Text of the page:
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Lancaster County may be on its way to becoming the first American county to ensure sustainable access to three healthy meals a day for all of its residents.

For the past several years, Hunger-Free Lancaster County, a group of more than 40 business, faith-based, school, non-profit and public-sector organizations, has been working on what its chair, former state senator and current Blackford Ventures, LLC CEO Mike Brubaker, calls a “100% solvable problem” – how to build a food security network that can expand and contract as needed to provide enough healthy food for everyone.

Lancaster General Health is a founding partner of Hunger-Free Lancaster County and its director of community health, Alice Yoder, sits on the group’s board of directors.

Issuing its first annual report card last fall, the group reported some notable accomplishments:

  • A remarkable 194,917 additional school breakfasts were served in Lancaster County in the 2015-16 school year for a total of 2,042,193, with many schools adopting effective alternative and kid-friendly strategies such “Breakfast After the Bell,” breakfast smoothies and “Grab and Go” kiosks;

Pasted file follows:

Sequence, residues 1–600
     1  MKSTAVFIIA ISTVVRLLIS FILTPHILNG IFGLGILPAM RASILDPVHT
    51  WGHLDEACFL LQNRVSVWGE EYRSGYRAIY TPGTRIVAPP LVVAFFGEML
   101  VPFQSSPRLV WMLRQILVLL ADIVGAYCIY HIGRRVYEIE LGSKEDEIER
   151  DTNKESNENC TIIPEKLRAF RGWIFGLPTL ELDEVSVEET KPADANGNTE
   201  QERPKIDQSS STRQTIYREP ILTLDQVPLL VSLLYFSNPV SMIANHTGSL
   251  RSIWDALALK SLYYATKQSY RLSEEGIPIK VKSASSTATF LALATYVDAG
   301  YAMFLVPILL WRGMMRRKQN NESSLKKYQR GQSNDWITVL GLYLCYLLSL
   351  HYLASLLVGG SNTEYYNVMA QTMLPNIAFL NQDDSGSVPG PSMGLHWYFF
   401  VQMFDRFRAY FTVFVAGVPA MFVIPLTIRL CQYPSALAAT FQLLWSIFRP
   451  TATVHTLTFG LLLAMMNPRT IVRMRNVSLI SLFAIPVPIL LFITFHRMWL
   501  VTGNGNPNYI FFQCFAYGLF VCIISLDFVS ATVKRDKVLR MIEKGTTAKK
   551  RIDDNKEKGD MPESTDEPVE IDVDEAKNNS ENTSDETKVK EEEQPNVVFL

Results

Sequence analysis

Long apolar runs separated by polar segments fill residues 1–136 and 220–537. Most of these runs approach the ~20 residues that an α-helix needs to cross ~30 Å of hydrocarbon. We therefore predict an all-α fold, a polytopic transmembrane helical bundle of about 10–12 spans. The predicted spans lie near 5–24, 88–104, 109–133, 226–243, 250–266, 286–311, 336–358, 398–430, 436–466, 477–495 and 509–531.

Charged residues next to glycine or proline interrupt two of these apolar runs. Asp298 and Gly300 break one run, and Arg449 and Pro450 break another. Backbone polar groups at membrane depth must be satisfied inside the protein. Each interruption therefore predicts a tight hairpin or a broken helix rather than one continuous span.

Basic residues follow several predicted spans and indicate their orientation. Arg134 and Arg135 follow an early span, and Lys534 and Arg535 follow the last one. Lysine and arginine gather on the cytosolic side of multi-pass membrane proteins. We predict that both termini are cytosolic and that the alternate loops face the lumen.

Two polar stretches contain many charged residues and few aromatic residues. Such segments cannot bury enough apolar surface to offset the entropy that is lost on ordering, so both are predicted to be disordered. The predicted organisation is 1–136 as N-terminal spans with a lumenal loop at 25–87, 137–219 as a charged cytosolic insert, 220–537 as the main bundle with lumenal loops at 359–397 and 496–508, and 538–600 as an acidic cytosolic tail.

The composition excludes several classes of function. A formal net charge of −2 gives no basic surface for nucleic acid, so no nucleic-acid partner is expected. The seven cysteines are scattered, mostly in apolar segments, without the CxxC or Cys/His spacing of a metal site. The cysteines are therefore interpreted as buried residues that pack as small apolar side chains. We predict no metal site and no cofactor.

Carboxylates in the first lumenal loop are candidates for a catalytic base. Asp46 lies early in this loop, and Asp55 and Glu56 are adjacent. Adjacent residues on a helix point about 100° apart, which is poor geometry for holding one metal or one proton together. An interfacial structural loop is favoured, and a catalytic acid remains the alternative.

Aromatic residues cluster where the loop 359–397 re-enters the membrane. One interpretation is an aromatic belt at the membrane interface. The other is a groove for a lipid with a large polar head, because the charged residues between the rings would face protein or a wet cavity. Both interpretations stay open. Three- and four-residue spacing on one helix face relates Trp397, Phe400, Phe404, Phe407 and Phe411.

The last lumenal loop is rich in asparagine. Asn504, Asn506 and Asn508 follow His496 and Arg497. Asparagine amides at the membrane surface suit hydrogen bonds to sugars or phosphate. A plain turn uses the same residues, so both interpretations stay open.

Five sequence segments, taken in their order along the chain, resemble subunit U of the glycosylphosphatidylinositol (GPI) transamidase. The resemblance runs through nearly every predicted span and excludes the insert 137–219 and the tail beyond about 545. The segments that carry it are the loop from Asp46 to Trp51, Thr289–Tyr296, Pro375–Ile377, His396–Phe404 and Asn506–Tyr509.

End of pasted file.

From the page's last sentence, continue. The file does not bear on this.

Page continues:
• The Central Pennsylvania Food Bank grew by 28% the amount of fresh produce, dairy and protein it distributed in Lancaster, a whopping 1,597,024 pounds of wholesome food; and

  • The Lutheran Camping Corporation of Central Pennsylvania established a 40-acre “Growing Project” at the Wittel Farm Retreat in Elizabethtown, dedicated to growing fresh vegetables to donate to the Central Pennsylvania Food Bank and the Lancaster County Council of Churches. Using all volunteer labor, the group harvested enough produce for thousands of meals in its first year.

  • In addition, the coalition acts as the “Food Security Committee” for the Lancaster Mayor’s Committee to Combat Poverty and is a partner with Governor Tom Wolf on his Administration’s Blueprint to Fight Hunger and its Setting the Table: A Blueprint to End Hunger in Pennsylvania.

HFLC has three committees:

  • Schools focuses on school-based and summer meal programs;

  • Safety Net works to facilitate easier access to various food-related benefits, including SNAP (food stamps), WIC (for pregnant women and children under six) and various farmers markets and fresh produce voucher programs; and

  • Service oversees outreach to the agriculture community, encourages coordination with community meals and food safety and helps build awareness of the move for food security.

For more information on this remarkable group and learn how you can help, visit its website at, its Facebook page and follow it on Twitter @HungerFreeLanCo.

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